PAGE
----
This week, voters passed the historic Clean Water, Clean Air and Green Jobs Environmental Bond Act ballot measure. This comes on the heels of the 10th anniversary of Hurricane Sandy, ushering in a variety of new flood resilience projects aimed at mitigating these risks to communities.

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New report provides a science roadmap for natural climate solutions

Natural climate solutions, such as reforestation and wetland restoration, can help slow climate change and increase resilience in the face of climate impacts we can’t avoid.

These approaches have substantial and growing support from bipartisan lawmakers, the private sector and environmental nonprofits. However, big questions remain: Where are these strategies most effective? To what extent can they meaningfully remove and reduce greenhouse gases? How will increased drought, fire and pest outbreaks impact their ability to stave off climate change?

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My perspectives on how we can inspire the next generation of Black climate leaders.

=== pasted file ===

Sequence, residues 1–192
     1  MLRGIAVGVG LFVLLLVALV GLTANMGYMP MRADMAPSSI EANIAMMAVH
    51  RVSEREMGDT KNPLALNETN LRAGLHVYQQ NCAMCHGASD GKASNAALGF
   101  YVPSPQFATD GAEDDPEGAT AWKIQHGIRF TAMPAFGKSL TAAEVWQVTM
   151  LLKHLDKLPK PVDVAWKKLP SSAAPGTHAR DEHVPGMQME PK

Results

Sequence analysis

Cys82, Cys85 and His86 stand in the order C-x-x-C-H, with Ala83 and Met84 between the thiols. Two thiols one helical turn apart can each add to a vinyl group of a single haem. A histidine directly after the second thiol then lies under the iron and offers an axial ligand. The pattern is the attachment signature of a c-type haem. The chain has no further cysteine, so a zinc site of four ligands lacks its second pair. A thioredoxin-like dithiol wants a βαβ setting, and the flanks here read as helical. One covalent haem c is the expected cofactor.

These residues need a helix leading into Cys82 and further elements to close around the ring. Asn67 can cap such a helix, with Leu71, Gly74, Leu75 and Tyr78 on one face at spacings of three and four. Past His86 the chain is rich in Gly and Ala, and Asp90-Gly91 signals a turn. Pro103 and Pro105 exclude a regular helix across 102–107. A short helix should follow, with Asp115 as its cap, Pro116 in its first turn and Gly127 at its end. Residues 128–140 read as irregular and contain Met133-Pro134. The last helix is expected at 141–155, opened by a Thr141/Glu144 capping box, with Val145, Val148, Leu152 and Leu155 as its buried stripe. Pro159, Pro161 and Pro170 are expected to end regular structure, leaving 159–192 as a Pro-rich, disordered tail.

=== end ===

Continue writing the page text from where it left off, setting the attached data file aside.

By Arianna Mackey, Environmental Defense Fund (EDF) Summer 2022 Intern

I became aware of my community’s lack of environmental awareness at a very young age. Growing up in the Hampton Roads area of Virginia, my family and I visited the Nauticus museum often. One afternoon, after spending time in the flooding exhibit, I explained to my mom that due to increased flooding, Virginia Beach would be inhabitable in the future, with standing water reaching the front door following a storm. She brushed me off by saying it was an “over-exaggeration” and our community was fine. That encounter piqued my interest in environmentalism. Read More »

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A conservation win and groundwater loss: Arizona ends 2022 session with mixed water record